Secondo blocco

Gabriel Bella and Scenes from Venetian Life

This ‘immersive room’ transports you back to eighteenth-century Venice, the most intriguing of the major European cities of the age. Parades and processions, state ceremonies and sacred liturgies in places of power and faith, holidays and games all take place in a spectacular documentary about the institutions, rituals and customs of the Serenissima Republic. Gabriel Bella’s (Venice, 1730 - 1799) paintings portray an entire community and its popular events. For the backgrounds, Bella draws inspiration from the landscape artists, in particular Canaletto. However, the life spilling out of each painting is all his own.

Elisabetta Di Maggio’s Contemporary Grafting

"In 2004 Elisabetta Di Maggio used a scalpel to engrave the plaster of a corner of the first room of the house museum, bringing to light layers of previous paintwork: a meticulous, patient, daily work. The result is 'Senza titolo - Muro #5 [Untitled – Wall #5]', an elegant contemporary wall lacework. The artist was inspired by some fragments of fabric which had once adorned the palace rooms and that are now conserved in the Fondazione archives. Burgeoning memories trace connections between past and present, evoking a reflection on time, a theme dear to the artist and to ‘Conserving the Future’, the Fondazione’s contemporary art project. "

Mario Botta’s restitching

"Mario Botta graduated in 1969 from IUAV, the University Institute of Architecture in Venice, under Giuseppe Mazzariol and Carlo Scarpa. During his studies, the Fondazione – along with the library and the recently completed Scarpa Area – was an important reference point for him. When redefining part of the spaces, Botta also referred to that experience and to the teachings of the master architect. From the new entrance to the covered courtyard to the auditorium, the Swiss architect’s references to Scarpa are explicit in the essential lines, and in the combination or juxtaposition of materials and colours: stone and metal, black and white, grey and red. "

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Kiki Smith’s game of seduction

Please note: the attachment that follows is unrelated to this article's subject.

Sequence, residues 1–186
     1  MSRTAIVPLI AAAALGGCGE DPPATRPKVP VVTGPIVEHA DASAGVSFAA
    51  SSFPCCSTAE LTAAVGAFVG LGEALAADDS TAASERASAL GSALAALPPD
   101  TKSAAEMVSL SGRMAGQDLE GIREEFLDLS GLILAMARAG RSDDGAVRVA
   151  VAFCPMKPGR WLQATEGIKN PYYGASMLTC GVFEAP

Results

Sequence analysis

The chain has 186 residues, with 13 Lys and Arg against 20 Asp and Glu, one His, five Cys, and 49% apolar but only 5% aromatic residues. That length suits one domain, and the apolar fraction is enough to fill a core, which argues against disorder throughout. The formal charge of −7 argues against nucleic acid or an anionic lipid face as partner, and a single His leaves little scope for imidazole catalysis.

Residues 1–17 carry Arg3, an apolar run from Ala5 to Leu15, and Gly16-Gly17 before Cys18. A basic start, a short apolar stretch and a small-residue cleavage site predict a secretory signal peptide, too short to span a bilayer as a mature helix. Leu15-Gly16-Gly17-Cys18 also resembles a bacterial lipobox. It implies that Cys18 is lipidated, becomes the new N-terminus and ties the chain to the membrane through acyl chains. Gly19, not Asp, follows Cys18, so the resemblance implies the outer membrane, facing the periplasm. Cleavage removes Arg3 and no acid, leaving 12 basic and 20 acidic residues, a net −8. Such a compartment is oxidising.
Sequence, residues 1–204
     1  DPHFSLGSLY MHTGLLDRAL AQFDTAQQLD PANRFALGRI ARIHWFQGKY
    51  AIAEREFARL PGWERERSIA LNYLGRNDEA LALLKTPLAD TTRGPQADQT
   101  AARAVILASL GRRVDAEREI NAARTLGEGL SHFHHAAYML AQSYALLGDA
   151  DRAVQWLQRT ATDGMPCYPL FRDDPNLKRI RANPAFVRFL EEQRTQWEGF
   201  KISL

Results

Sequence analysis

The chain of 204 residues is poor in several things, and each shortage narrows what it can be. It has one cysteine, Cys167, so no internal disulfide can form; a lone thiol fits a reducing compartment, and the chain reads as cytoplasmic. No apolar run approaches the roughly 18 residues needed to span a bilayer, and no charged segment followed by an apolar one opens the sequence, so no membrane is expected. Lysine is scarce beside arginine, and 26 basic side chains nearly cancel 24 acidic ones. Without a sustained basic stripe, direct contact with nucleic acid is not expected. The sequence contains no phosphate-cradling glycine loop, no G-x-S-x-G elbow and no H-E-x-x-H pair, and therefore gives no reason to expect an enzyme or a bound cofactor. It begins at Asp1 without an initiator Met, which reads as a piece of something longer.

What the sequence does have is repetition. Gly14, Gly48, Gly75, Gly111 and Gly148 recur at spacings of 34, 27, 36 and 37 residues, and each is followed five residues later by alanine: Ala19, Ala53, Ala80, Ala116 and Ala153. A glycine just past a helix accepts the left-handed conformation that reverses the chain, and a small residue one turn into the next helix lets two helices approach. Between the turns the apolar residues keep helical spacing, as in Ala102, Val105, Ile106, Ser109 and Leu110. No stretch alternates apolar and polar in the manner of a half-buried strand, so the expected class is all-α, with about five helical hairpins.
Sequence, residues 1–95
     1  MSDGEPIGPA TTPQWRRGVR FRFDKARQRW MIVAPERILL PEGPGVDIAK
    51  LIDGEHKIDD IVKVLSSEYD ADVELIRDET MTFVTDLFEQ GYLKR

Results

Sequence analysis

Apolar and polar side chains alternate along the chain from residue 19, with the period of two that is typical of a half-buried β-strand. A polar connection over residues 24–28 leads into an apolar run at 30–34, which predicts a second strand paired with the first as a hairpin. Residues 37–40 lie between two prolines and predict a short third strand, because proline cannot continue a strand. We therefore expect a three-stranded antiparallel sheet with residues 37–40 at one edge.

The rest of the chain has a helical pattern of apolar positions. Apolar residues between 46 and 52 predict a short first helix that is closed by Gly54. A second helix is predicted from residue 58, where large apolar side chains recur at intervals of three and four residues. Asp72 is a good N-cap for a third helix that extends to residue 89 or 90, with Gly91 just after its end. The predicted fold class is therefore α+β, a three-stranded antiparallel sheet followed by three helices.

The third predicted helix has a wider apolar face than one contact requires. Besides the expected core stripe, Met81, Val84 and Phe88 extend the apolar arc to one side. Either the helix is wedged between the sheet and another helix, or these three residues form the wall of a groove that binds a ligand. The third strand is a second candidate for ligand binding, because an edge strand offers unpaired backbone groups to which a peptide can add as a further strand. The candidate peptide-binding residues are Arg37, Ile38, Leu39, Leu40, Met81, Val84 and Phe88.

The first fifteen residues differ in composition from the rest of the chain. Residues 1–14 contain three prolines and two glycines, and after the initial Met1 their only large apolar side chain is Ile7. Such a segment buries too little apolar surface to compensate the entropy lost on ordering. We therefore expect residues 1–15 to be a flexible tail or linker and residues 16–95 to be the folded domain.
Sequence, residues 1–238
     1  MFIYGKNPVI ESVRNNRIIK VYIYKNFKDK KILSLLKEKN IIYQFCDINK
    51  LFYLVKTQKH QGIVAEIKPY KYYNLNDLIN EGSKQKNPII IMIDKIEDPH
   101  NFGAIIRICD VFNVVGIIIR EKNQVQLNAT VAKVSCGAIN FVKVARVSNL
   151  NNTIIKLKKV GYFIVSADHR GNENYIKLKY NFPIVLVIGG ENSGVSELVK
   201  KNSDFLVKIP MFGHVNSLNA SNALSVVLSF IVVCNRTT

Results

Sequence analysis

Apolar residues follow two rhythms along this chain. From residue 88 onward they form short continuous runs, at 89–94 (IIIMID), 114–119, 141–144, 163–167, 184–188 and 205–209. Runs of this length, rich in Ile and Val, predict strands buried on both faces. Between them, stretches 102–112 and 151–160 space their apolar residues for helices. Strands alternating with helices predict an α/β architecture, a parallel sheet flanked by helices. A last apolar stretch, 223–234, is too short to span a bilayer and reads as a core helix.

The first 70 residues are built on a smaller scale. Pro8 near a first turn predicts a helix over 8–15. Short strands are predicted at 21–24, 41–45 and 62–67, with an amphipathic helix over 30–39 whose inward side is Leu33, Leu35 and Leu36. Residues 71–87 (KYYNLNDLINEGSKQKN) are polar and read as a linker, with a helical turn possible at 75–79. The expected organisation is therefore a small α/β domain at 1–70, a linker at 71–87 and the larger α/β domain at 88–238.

The sculpture 'Io (seated)' in the museum home is a small, seated statue, donated by the American artist as a memento of her 2005 exhibition 'Homespun Tales: Stories of Domestic Occupation'. The sculpture revisits the Greek myth of Io, a priestess of the goddess Hera, wife of Zeus. Enchanted by the woman, Zeus falls back on one of his usual stratagems to seduce her whilst protecting himself from Hera’s jealousy: he transforms himself into a cloud. In Kiki Smith’s contemporary interpretation, it appears that the young priestess is playing with a bright and mysterious bundle: the cloud. Is it actually she who is leading this game of seduction?

Ippolito Caffi’s Moon

A reporter of Italian unification: Ippolito Caffi (Belluno, 1809 - Lissa, 1866) experienced 1848 and the ‘Expedition of the Thousand’ with Garibaldi, but he was also a painter of journeys: Italy, Greece, Egypt, Paris, Constantinople. The Collezione Intesa Sanpaolo has two beautiful paintings by Caffi: 'Nocturne' (Venice) and a bold 'Self-portrait'. Pietro Selvatico said of him that he was ‘the artist who knows nocturnal effects the best’, as is clear in the work in the collection. The moonlight beams onto the water and floods the square. This nocturne is a classic of late-eighteenth century and nineteenth-century landscape painting.

Recent donations

The artists involved in the decades-long Conserving the Future project often decide to donate a work to the Fondazione, as a souvenir of their participation and as testimony to the way they dialogued with the spaces, collections and architecture. Recent donations include works by George Adéagbo, Margherita Andreu, Stefano Arienti, Giuseppe Caccavale, Elisabetta Di Maggio, Mona Hatoum, Haris Epaminonda, Ilya & Emilia Kabakov, Joseph Kosuth, Maria Morganti, Giulio Paolini, Remo Salvadori, Mariateresa Sartori, Anita Sieff, Kiki Smith, and Qiu Zhijie. 

Maria Morganti’s chromatic diary